Thursday, October 30, 2014

The Spirit of the Artist and the Flower, the Making of the Painting, and the Balance of Common Sense



Paeonia lactiflora 'Armandine Mechin'
1:1 carbon on chalk gesso 2014
Coral Guest
private collection



When a Botanical Artist transits into a life as a full time professional painter they stand on the edge of what they hope will be a long and productive career. At this point each one of us has the choice to lay down a foundation of positive and beneficial working patterns that will serve us well throughout our time of painting fowers, enabling us to manage our energy as we work each day.


In the studio I begin the day with breathing exercises that are yogic in nature - namely pranayama and kryia. I began practicing kriya in 1991, and have used these exercises to bring physical, emotional, and mental balance at the start of the working day. These kinds of practical exercises are used in most yoga schools. I have a common sense approach to the work.


My easel stands upright in my studio, the materials are laid out. I bless and dedicate my tools and materials because they are loved and I feel it is a privilege to have them. I begin work standing at the easel, walking forward toward the work and then away to see it from a distance. The plant subject sits to my left on its own table. I work from observation, in natural light, sometimes stopping to stretch. The studio is well ventilated.


In 1978, at the age of 22, and in receipt of a travel prize from the Fine Art department of Chelsea College of Art and Design, I travelled to Japan to study Calligraphy in a Temple, in Yamanashi Prefecture.  Here I began to learn the ritual of managing my energy by managing my breathing process.


Energised and consistent breathing allows the artist to fuse power into their work. It also enables and facilitates the balanced physical, emotional, and mental wellness that a painter needs to work many hours each day, for a whole life time. The ability to connect with the breath creates a rhythm where energy is generated.  The in-breath can be used to reset and accumulate intent. The out-breath, when synchronised with a brush stroke, energises the art work and allows focus to be maintained and concentration to be applied to the process of painting.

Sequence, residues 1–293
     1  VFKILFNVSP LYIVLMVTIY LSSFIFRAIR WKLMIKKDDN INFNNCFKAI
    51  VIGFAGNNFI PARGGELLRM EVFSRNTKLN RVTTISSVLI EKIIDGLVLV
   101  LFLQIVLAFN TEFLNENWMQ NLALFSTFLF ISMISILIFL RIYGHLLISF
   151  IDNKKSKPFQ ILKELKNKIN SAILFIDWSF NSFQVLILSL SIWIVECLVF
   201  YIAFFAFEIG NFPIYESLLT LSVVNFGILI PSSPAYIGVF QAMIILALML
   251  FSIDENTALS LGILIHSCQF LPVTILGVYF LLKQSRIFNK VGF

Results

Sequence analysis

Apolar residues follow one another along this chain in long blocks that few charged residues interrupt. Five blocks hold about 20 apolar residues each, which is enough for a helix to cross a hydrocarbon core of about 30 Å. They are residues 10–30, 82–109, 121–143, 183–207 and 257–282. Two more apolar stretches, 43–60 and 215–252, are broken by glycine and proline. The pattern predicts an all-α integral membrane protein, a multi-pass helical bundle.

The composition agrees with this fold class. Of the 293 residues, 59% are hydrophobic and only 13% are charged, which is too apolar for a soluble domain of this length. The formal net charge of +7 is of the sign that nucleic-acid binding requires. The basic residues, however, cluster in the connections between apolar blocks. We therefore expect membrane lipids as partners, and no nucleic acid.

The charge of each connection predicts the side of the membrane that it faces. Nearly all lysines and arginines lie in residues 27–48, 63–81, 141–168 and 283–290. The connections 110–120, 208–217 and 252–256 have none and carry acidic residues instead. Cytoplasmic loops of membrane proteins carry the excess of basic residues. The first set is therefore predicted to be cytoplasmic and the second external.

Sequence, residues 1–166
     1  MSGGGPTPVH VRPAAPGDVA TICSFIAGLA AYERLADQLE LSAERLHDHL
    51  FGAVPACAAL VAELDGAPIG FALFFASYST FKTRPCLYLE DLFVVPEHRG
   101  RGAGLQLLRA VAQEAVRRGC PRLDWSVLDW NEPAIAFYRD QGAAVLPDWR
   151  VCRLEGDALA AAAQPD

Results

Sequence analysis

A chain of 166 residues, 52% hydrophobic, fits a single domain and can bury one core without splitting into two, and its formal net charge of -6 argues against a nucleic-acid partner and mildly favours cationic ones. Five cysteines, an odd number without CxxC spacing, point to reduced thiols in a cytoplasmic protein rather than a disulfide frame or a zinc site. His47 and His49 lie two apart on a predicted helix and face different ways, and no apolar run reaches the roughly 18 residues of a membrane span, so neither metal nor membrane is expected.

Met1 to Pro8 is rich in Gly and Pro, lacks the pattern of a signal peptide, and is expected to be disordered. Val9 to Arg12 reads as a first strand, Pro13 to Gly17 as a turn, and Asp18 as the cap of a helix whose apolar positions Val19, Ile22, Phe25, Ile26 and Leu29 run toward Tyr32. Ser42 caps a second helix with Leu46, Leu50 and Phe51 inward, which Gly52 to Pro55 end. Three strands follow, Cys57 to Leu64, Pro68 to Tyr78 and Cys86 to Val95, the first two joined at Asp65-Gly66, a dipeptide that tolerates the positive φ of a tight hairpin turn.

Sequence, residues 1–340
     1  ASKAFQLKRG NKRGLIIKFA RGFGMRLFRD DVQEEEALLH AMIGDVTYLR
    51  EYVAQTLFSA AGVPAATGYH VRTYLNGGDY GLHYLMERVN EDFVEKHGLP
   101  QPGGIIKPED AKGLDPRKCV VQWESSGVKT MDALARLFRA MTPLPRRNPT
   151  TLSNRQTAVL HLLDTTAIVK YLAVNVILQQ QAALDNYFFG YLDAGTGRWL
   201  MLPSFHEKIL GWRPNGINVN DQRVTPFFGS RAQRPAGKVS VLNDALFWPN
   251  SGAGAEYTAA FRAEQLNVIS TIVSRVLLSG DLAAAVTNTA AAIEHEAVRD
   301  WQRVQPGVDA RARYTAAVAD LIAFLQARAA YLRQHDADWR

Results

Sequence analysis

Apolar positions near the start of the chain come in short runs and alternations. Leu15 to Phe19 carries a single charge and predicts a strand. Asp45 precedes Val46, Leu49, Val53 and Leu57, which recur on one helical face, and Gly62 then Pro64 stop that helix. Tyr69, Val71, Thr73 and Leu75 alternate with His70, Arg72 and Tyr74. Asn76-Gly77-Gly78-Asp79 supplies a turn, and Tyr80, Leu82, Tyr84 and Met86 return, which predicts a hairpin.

Stress is a very real factor for the Botanical Artist. In my classes at Kew and those for Dr Sherwood, I saw that many students held their breath when working.  Stress is part of the equation for a Botanical Artist because they deal with live plant matter that is necessarily transient. This pressure is greatly alleviated when an artist works from photographs. However, the pressure of spending many hours each day painting in great detail with small brushes, and working to a deadline for an exhibition, is always there. Over the years this stress and pressure can build, and so finding ways to keep working and not accumulate the negative effects of pressure is something I have always considered to be essential for long term artistic productivity. 


Choices, choices, is it better to begin the day at the easel with a strong sweet coffee and a bacon sandwich, or would a bowl of porridge with super fruits and a herbal tea work better for you? One thing is certain, what you eat will affect your work. Excessive sweet foods and very salty foods are more likely to cause a lapse in focus that comes about through body chemistry. Intense concentration and effort during painting time forces the body to burn up minerals, in particular magnesium. Fasting is always best done on rest days rather than work days, as fasting when working leads to depletion of those minerals that the body does not easily store.  The right foods, when taken little and often, will always outperform the extremes of fasting or over indulgence and this lays the good foundation for the following day’s work. It’s only common sense.


Working each day in the studio with a happy body brings a gentle and vibrant state of mind that will always bear fruit in the work. It may sound a little boring, but it works. A quiet mind engenders quiet regular breathing and this in turn generates a stress free mind and body system. Long hours of focused painting work are enabled by regular and deep breathing. When the painter feels balanced the long hours don’t actually seem that way, they seem more as a flow that is outside time looking at the subject matter that is inside time. Long hours of work  can have a peaceful effect, like standing on the shore of an ocean watching the waves come and go.